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Duke Kunshan University opens its doors to undergraduates

Courtesy of Duke Today
Courtesy of Duke Today

Duke Kunshan University opened its doors to welcome its inaugural class of undergraduate students this past week. 

The DKU Class of 2022 boasts 266 students—175 of whom are from mainland China and 39 of whom hail from the United States. Twenty-two new faculty members were hired to teach the students, in addition to 11 Duke faculty who will teach DKU undergraduate courses this year. The University aims to reach class sizes of 500 students and hire a total of 120 faculty, according to a press release.

DKU graduates would be considered Duke alumni and earn Duke University degrees, as well as a second degree from DKU. 

"The way people begin a project always has outsized impact on how the work continues," former President Richard Brodhead told DKU students in a speech Wednesday. "Starting today, you will help set this school’s character and habits. Make it a place of open, spirited engagement with people and ideas and you will be creating a new thing in higher education—do your homework and keep to yourself and Duke Kunshan will be fine, but not all it could have been."

Duke President Vincent Price was unable to attend the festivities at DKU but welcomed the students with a recorded message. 

“I am particularly proud of the richly diverse and academically accomplished students who will begin their studies at Duke Kunshan this year, the innovative and distinguished faculty and the many people at Duke, Duke Kunshan and around the world who have made this visionary idea a reality,” Price said.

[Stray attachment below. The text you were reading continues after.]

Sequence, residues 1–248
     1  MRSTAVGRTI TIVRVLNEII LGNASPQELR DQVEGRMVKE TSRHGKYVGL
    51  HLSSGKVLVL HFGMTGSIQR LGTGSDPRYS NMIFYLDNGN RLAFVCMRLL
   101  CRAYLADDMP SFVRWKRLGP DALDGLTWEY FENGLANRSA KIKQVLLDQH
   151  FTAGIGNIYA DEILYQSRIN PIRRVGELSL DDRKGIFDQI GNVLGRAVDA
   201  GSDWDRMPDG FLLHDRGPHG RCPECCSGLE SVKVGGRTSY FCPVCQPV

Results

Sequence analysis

Brodhead addressed the choice of Kunshan—at a relatively low population of 1.6 million—as the site for DKU, mentioning that it was possible for a famous university "to build the reputation" of a city. He likened his hopes for DKU and Kunshan to Stanford University and Palo Alto, California, which he said was mostly farmland until Stanford was built.

Whereas many colleges in the United States have loose partnerships in China, he explained, few have gone the extra mile to form a joint venture university.

"Duke’s prestige and standing made us a desirable partner, but they also made us cautious," Brodhead said. "The higher the reputation of a major university, the more jealously it guards access to its most priceless commodity—the degrees that bear its name."

Brodhead explained that unlike many other universities expanding into China, Duke began by offering graduate degree programs such as master's programs in global health and medical physics. Only after examining the success of those programs did he set the wheels in motion for an undergraduate program to come to fruition.

DKU's undergraduate program— a partnership between Duke, Wuhan University and the city of Kunshan—was approved in 2016 by the Academic Council and Board of Trustees

"The thing the Trustees understand is that we're not doing this because of the risks," Brodhead said in December 2016. "We're doing this because of the opportunities. I think the opportunity was judged to outweigh the risks." 

The school's 15 majors range from data science and material science/physics to political economy and global cultural studies, according to DKU's website.

DKU also features a common core of three required classes that students will take over their first three years "so that the common experience and development of communication skills extend across time." Students will also be required to "develop conversational fluency" in Mandarin Chinese.

Jeremy Chen


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